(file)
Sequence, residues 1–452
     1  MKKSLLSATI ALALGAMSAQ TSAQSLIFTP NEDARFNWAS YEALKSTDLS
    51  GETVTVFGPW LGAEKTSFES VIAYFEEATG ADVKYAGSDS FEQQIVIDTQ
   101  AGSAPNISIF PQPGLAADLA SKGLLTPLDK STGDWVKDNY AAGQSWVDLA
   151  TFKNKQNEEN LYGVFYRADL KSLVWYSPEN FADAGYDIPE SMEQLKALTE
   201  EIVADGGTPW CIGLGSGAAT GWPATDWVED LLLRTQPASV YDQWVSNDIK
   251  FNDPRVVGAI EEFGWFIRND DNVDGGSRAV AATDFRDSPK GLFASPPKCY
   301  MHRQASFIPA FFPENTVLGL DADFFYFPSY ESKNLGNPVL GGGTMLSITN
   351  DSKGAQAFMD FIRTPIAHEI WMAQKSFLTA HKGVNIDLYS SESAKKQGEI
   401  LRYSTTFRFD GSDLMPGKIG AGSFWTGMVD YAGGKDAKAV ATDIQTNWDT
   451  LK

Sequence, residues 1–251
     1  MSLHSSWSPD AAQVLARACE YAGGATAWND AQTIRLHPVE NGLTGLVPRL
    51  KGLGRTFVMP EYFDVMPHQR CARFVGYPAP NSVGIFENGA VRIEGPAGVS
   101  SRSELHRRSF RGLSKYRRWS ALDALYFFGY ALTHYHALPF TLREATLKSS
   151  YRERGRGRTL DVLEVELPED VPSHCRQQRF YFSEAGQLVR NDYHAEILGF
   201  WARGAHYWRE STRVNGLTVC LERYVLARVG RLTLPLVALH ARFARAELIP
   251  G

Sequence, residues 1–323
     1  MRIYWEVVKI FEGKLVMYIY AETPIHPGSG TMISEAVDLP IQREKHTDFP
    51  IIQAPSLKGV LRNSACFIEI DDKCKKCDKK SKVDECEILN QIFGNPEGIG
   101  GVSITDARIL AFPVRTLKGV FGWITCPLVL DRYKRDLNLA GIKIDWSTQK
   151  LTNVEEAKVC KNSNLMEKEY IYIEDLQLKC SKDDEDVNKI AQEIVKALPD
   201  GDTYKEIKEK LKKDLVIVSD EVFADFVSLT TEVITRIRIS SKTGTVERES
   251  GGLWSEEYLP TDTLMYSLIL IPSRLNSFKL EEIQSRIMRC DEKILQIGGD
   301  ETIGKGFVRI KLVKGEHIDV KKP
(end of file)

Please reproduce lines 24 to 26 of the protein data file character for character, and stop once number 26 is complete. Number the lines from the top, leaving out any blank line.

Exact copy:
   201  GDTYKEIKEK LKKDLVIVSD EVFADFVSLT TEVITRIRIS SKTGTVERES
   251  GGLWSEEYLP TDTLMYSLIL IPSRLNSFKL EEIQSRIMRC DEKILQIGGD
   301  ETIGKGFVRI KLVKGEHIDV KKP